I had decided a few days ago that I was going to pace a friend. I found out that actually 4:10, her ultimate goal, would be a lifetime PR. I wanted to stay with her through at least the half, and then possibly slow down or speed up, depending how I felt since I committed to drinking all beer offered to me on the course. I also took some photos as I ran, and posted a White Rock Marathon Review in photo form here.
Weather/Attire: The weather was perfect. Cold at the start, but you warm up fast. It was probably mid-30s at the start, mid- to upper-40s at the finish. I made poor clothing choices. I decided to wear a light long-sleeve shirt and shorts, thinking long sleeves would be fine since I was running easy to pace her and maybe wouldn't warm up as much as if I'd be running as fast as I could. Oops. This is the first marathon where I haven't had a time goal, so I suppose it was a learning experience. Lesson: 26.2 miles at almost any running pace means the same clothing choices. I wore gloves the entire race. I had an earband that I pulled off at 8 and gave to our neighbor. And I pushed up my long sleeves around 10. When we were around mile 13-14, one of my best friends passed us, she was running the relay. I'd been running just in front of the friend I was pacing, and she was staying just off my side. I accellerated a bit to run with my relay friend and chat with her. Somehow I mentioned that I was pissed at myself for wearing long sleeves (she was in short sleeves with our sleeveless jersey over it) and she offered to switch shirts with me. That was too sweet and though I didn't accept, oh, it would have been nice. Even wearing someone else's sweaty short sleeves would have been preferable to my "light" long sleeves.
Course Review: It was a new course this year. For someone running the race for the first time, I think it was probably pretty good. Not many hills in Dallas, so the climbs were less than 160 feet. Basically two climbs. One between miles 5 and 9 up about 160 feet, then back down gradually. The second one between miles 19.5 and 22 up about 160 feet again, then back down to the finish. Here's the profile, not bad. The most disconcerting thing for me, however, was my past experience with the old course, having run the prior marathon route about 3 times. It was a new course this year, including about 80% of the old course, so about 80% of the time, I felt like I was in the wrong mile. Basically around 2-4, we were downtown, which used to be 23-25 (so mentally, I was feeling like this means it's the end of the race). Then about 4-24, you're back on the old course (couple minor changes), but you're about 2 miles ahead of the old markers. So when you hit mile 18 on the new course, your body feels like you're at mile 18, but your mind kind of freaks out, knowing it was old mile 16 and thinking you should feel like you're at 16, not 18. There is a pair of hills known as "the dollies" and you now hit those about two miles later, which isn't really good that late in the race.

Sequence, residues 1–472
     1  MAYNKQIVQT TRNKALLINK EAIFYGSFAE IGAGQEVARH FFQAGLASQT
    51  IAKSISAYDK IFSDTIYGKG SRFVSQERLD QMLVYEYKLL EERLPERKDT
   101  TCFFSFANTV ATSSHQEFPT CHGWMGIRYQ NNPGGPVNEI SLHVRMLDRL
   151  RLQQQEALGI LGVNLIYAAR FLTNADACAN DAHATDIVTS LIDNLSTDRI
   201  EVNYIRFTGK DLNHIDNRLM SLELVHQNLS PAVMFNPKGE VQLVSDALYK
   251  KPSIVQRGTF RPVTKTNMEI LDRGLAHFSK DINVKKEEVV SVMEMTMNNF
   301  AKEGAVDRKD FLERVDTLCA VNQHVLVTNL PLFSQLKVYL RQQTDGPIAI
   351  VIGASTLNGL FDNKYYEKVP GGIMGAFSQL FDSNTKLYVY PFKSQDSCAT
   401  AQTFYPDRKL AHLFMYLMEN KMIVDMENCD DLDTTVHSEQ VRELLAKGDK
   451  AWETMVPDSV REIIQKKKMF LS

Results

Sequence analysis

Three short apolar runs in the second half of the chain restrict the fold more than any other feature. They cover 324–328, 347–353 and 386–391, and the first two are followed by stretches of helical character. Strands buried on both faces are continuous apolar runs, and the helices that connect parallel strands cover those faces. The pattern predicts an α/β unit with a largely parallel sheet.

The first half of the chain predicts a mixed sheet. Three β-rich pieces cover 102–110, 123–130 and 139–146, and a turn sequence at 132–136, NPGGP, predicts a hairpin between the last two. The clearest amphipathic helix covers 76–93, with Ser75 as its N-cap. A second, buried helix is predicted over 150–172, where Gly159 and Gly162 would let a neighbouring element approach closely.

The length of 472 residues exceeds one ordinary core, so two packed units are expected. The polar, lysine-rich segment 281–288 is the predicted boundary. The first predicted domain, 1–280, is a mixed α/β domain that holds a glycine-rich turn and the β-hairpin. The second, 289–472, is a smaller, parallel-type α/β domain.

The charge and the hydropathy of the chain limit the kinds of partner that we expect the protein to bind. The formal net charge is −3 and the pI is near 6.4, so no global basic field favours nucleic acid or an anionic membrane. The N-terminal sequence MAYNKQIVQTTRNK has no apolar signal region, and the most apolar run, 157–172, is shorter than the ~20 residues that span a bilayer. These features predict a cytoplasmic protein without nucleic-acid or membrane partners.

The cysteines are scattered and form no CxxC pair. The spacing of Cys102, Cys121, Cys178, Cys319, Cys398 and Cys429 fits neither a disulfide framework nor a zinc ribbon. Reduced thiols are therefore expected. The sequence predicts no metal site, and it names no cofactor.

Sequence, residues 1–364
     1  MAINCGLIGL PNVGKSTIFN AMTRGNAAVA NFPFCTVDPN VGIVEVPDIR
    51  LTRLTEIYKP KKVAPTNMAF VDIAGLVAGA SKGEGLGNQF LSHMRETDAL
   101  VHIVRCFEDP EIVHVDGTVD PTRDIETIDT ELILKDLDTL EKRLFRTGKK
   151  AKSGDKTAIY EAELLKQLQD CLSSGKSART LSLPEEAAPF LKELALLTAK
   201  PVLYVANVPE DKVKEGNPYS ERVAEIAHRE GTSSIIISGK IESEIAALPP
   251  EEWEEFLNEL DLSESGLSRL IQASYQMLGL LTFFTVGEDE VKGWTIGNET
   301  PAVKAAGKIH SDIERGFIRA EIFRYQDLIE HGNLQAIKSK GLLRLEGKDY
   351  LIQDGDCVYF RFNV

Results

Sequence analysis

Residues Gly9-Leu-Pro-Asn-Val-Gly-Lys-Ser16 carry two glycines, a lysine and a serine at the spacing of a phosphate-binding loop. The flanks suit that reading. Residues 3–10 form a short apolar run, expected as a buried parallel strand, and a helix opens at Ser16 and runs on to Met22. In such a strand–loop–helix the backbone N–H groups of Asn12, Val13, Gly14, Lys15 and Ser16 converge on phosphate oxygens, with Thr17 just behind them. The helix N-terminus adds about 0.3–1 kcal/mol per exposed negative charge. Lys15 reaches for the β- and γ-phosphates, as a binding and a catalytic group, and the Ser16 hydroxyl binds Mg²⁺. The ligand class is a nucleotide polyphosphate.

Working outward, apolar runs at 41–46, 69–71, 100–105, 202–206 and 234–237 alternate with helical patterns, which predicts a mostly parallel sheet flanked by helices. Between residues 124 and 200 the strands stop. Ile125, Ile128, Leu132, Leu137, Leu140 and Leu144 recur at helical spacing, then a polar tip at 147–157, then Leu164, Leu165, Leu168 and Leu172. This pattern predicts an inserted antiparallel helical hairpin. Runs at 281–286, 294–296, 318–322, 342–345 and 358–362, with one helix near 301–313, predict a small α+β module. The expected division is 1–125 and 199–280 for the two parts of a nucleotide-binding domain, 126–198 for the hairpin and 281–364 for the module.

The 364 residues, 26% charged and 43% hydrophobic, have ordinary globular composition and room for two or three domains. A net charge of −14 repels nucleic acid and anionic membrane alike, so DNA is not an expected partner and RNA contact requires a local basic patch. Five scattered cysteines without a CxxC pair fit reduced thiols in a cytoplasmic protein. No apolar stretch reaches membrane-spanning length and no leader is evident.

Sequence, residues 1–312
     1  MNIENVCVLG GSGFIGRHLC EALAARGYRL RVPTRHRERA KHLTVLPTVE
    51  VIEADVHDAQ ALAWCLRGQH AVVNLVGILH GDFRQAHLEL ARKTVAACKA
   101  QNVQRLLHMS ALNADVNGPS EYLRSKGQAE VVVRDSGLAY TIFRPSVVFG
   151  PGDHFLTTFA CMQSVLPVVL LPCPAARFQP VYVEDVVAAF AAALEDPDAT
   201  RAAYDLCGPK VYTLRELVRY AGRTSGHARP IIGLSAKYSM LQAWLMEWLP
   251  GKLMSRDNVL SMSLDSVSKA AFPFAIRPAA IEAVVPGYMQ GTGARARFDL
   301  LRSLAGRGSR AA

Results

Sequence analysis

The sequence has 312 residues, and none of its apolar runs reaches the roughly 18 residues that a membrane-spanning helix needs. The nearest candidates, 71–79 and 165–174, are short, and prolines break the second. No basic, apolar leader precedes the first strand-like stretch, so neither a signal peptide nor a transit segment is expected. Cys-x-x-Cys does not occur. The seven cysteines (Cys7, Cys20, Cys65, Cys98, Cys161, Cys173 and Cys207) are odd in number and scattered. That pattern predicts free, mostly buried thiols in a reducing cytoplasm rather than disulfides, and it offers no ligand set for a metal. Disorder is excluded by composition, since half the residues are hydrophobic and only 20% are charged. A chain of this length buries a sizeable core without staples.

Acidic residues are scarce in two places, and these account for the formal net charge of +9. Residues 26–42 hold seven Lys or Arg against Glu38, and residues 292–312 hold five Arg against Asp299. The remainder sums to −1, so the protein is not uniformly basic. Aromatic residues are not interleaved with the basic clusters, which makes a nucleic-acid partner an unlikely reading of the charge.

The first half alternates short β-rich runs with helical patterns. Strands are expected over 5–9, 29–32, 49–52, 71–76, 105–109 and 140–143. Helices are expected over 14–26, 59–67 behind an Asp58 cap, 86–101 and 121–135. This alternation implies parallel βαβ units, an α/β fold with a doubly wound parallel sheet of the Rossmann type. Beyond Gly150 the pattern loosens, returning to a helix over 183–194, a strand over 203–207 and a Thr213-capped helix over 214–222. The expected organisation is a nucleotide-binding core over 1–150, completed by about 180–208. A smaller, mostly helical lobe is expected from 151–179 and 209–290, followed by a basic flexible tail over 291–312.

Start Logistics: Insanely good. My husband and I scored a complete rock-star parking space. We weren't sure if it was legal. We were on the side of a street that was not part of the race course, but it was so close to the starting line (Fair Park) and there were only a couple other cars there, that we thought maybe we'd get towed away or something. But we checked the signs and it appeared legal, so we went with it and it was perfect. My running group had a museum at Fair Park reserved to wait for the start. We were inside, plenty of seats, plenty of friends. It was perfect. Got a few pre-race pictures and just relaxed. Then we headed to the starting line. We were warned that the race claimed to start at 8:00, but because of the news coverage scheduling, the actual start time would be 8:10. Thumbs-down to the race for that false advertising. It was cold at the start and the start corrals were very poorly enforced. But it was still a pretty smooth start.
Spectators: The friend I was pacing had her husband and kids out on the course in two places that we saw them, which was fun. Our neighbors were waiting on the trail right near our house, and she had tissue for me and took my earband, plus they gave me big smiles and congrats, so that was awesome, a huge mental boost for me. And then one of my best friends was cheering with her husband and their two kids (including my sweet godson) at about mile 13, which was so much fun. I love having friends out there cheering, it's so motivational, and my friend had the same experience -- miles after we saw her family had a noticeable boost. I also saw a few other friends cheering, and saw several others running. Overall course support is probably average among races. Nothing like Twin Cities, NY, Marine Corps, or Chicago, but better than St. George, probably more like your average race like San Antonio, etc. Lots of bands, which was nice.